“I’ve got no right to complain,” Stanley Whitman, the owner and visionary developer of Bal Harbour Shops, said last week.

This story first appeared in the November 26, 2013 issue of WWD. Subscribe Today.

He turned 95 on Nov. 15, continues to go to work two to three days a week, sometimes more, and has his family ensconced in the business, which reassures him about the future.

And he continues to tabulate his luxury center’s extraordinary productivity, which he doesn’t mind boasting about. “When we opened Bal Harbour Shops in 1965, the Ala Moana shopping center had by far the highest sales per square foot,” Whitman told WWD. “By 1970, we passed Ala Moana in sales per square foot, and for every year since we have had the highest sales per square foot in any center anywhere. Last year, we had $2,600 a foot, and this year we are tracking at over $2,800.”

“The big thing is having my family working here,” having entrusted his son Randy and grandson Matthew Whitman Lazenby to the leasing and management. “They’re doing a fantastic job. We don’t always agree but we always get along.”

Almost 50 years ago, Whitman, whose house was on the site of Bal Harbour Shops, saw the potential in luxury long before the rest of the shopping-center industry. He came up with the concept of bringing the luxury retailers of Fifth Avenue to Miami Beach and foresaw that Miami as a tourist mecca would only grow, and that tourism and luxury would be a potent combination.

“I was the first to successfully develop a luxury shopping center; others have tried with limited success. My success bred my competition,” Whitman said. “Luxury merchants eventually found out that in certain locations you can do a smashing job.”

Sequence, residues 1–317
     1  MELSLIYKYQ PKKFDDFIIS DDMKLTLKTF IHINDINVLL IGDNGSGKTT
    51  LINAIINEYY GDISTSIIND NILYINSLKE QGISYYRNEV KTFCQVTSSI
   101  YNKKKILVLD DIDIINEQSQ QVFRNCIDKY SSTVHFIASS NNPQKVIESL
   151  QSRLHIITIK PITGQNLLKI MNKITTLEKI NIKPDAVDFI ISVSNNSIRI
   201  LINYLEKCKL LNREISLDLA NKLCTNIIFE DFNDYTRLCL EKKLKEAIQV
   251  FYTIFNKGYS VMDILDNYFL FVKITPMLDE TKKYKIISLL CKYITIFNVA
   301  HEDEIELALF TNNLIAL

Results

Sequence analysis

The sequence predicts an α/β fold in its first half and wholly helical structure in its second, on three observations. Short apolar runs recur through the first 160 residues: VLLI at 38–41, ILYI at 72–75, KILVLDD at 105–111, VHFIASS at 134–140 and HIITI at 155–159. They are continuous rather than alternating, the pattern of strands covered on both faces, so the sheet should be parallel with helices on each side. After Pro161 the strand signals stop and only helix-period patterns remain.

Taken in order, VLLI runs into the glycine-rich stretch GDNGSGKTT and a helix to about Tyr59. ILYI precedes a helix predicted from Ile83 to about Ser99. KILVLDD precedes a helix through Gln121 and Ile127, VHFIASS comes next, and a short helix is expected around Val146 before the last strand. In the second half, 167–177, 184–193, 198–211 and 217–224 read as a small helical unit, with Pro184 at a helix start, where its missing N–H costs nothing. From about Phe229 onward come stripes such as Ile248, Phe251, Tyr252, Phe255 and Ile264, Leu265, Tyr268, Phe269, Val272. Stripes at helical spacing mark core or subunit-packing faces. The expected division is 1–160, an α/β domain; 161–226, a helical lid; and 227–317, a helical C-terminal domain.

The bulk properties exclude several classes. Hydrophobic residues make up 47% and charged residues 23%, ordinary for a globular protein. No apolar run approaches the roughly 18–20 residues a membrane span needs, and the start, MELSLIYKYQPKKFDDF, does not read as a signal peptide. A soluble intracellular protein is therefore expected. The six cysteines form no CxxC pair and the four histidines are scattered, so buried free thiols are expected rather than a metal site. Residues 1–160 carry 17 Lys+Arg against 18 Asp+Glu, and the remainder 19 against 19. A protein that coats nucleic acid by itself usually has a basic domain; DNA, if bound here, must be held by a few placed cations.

He’s compiled an impressive list of innovations, among them bringing parking structures to a mall. “It’s a wonderful solution when you don’t have land. You shorten the walking distance to the stores. The fact that we were the first to charge for parking, customers didn’t appreciate it. But they have gotten used to it.”

His decision to put trees in the parking lot was pioneering as well. “No one ever planted a tree in an urban parking lot. You break up the asphalt and it’s difficult to keep clean, but I did it for aesthetic reasons.”

Whitman had opportunities to create other malls around the country. Yet there’s always been a singular focus on the 450,000-square-foot Bal Harbour, which has set in motion a 200,000-square-foot expansion. That is, until earlier this year when the Whitmans became codevelopers and equity partners in the 500,000-square-foot retail component of the 2.9 million-square-foot Brickell CityCentre. Brickell is a mixed-use project being built in Miami’s financial center by Swire Properties. The Whitmans will bring their high-end retail expertise to help develop and lease that shopping center.

“Brickell is in an area where there are dozens of these five-star hotels,” Whitman observed. “It’s become the primary financial center, with these high-end hotels, tremendous density of condominiums and offices growing there and now, for the first time, we have an opportunity to get into another market. It’s a wonderful opportunity. They get the business tourists. We get the resort tourists.”

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